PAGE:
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Protocol for an observation and implementation study investigating optimisation of the management of stroke and transient ischaemic attack (TIA)
  1. James Peter Sheppard1,
  2. Ruth Mary Mellor1,
  3. Sheila Marie Bailey1,
  4. Pelham Barton2,
  5. Amunpreet Boyal1,
  6. Sheila Greenfield1,
  7. Sue Jowett2,
  8. Jonathan Mant3,
  9. Tom Quinn4,
  10. Satinder Singh1,
  11. Richard J McManus5,
  12. on behalf of the BBC CLAHRC Investigators*
  1. 1Department of Primary Care Clinical Sciences, University of Birmingham, Birmingham, UK
  2. 2Health Economics Unit, University of Birmingham, Birmingham, UK
  3. 3Department of Public Health and Primary Care, University of Cambridge, Cambridge, UK
  4. 4Faculty of Health and Medical Sciences, School of Health and Social Care, University of Surrey, Guildford, UK
  5. 5Department of Primary Care Health Sciences, University of Oxford, Oxford, UK
  1. Correspondence to Professor Richard J McManus; richard.mcmanus{at}


Introduction Patients benefit from early and intensive treatment in both acute ischaemic stroke and transient ischaemic attack. Recent audits of acute stroke/transient ischaemic attack care suggest that although standards have improved, current services still fall short of optimal care. The aim of this study is to establish a database of patients accessing stroke services. Data will be collected and analysed to provide individualised feedback to healthcare professionals who can then use these findings to develop strategies for service improvement.

Methods and analysis This longitudinal observational study will evolve with the ongoing findings from the research output. The project will consist of three phases: assessment of current practice, feedback of findings and evaluation of service change. Consecutive patients will be recruited from participating hospitals, and identifiable data will be collected to link records from the Primary Care, Secondary Care and Emergency Services. As this study focuses on observation of current practice, a sample size calculation is not deemed appropriate. Patients will be sent follow-up questionnaires examining quality of life at 3 and 12 months post-event. Qualitative interviews will examine the care pathway through the experiences of patients, their carers, healthcare personnel and commissioners. Collected data will be used in economic analyses, which will evaluate the impact of current care and service redesign on the NHS costs and patient outcomes (death and quality of life).

Ethics and dissemination Ethical approval for this study has been obtained from the National Research Ethics Committee (reference; 09/H0716/71), and site-specific R&D approval has been acquired from the relevant NHS trusts. All findings will be presented at relevant healthcare/academic conferences and written up for publication in peer-reviewed journals. Results will be fed back to patients and participating trusts through a series of reports and presentations. These will be used to facilitate discussions about service redesign and implementation.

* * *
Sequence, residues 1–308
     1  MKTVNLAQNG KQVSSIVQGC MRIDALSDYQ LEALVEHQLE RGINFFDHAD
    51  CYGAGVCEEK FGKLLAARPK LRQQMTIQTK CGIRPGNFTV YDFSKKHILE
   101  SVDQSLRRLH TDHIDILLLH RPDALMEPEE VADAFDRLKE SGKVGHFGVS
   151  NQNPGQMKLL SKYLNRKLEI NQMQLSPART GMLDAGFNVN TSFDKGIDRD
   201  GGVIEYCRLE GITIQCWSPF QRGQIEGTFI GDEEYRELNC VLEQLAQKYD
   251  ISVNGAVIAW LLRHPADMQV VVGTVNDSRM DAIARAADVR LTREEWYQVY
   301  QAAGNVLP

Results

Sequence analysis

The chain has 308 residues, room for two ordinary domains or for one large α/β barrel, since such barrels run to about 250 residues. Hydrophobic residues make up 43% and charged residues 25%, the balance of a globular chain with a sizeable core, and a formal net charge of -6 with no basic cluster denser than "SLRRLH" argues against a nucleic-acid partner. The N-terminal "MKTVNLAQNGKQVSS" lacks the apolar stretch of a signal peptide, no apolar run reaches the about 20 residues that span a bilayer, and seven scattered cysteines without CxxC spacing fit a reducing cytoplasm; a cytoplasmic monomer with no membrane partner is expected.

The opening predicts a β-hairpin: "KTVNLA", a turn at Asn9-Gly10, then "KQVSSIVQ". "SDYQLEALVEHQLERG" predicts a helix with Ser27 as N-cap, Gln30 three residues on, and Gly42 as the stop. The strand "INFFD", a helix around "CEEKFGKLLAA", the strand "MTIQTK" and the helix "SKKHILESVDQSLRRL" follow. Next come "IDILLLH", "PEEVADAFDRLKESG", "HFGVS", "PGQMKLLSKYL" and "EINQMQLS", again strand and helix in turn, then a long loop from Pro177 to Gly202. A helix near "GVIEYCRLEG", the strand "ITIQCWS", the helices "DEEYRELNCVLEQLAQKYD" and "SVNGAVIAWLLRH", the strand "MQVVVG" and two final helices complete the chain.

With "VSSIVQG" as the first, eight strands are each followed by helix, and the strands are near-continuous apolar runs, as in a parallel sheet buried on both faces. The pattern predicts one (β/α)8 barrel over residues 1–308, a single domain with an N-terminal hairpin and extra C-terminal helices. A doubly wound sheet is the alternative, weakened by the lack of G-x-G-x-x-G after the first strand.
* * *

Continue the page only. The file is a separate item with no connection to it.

This is an open-access article distributed under the terms of the Creative Commons Attribution Non-commercial License, which permits use, distribution, and reproduction in any medium, provided the original work is properly cited, the use is non commercial and is otherwise in compliance with the license. See: and

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  • * Birmingham and Black Country Collaborations for Leadership in Applied Health Research and Care investigators include: Peter Carr, Heart of England NHS Foundation Trust; Brin Helliwell, Lay member of Steering Group; Cristina Nand, Lay member of Steering Group; Norman Phillips, Lay member of Steering Group; David Sandler, Heart of England NHS Foundation Trust; Don Sims, University Hospitals Birmingham NHS Foundation Trust; Rob Scott, Birmingham and Midland Eye Centre; Matt Ward, West Midlands Ambulance Service NHS Trust.

  • To cite: Sheppard JP, Mellor RM, Bailey SM, et al. Protocol for an observation and implementation study investigating optimisation of the management of stroke and transient ischaemic attack (TIA). BMJ Open 2012;2:e001430. doi:10.1136/bmjopen-2012-001430

  • Contributors RJMcM, JM, SJ and PB had the original idea, gained the funding and wrote the first draft with JPS and RMM. All authors subsequently refined the manuscript and approved the final version. RJMcM is the guarantor.

  • Funding The research was funded by and took place at the National Institute for Health Research (NIHR) Collaboration for Leadership in Applied Health Research and Care based in Birmingham and Black Country. RJMcM holds an NIHR Career Development Fellowship. The views and opinions expressed are those of the authors and do not necessarily reflect those of the NHS, NIHR or the Department of Health. The funders had no involvement in the study design, data collection, management of the project, data analysis, interpretation of data, writing of the article or the decision to submit the article for publication. The corresponding author (RJMcM) has ultimate authority over each of these activities.

  • Competing interests None.

  • Ethics approval Approval for this project has been obtained from the National Research Ethics Service Committee, London—Queen Square (reference; 09/H0716/71).

  • Provenance and peer review Not commissioned; internally peer reviewed.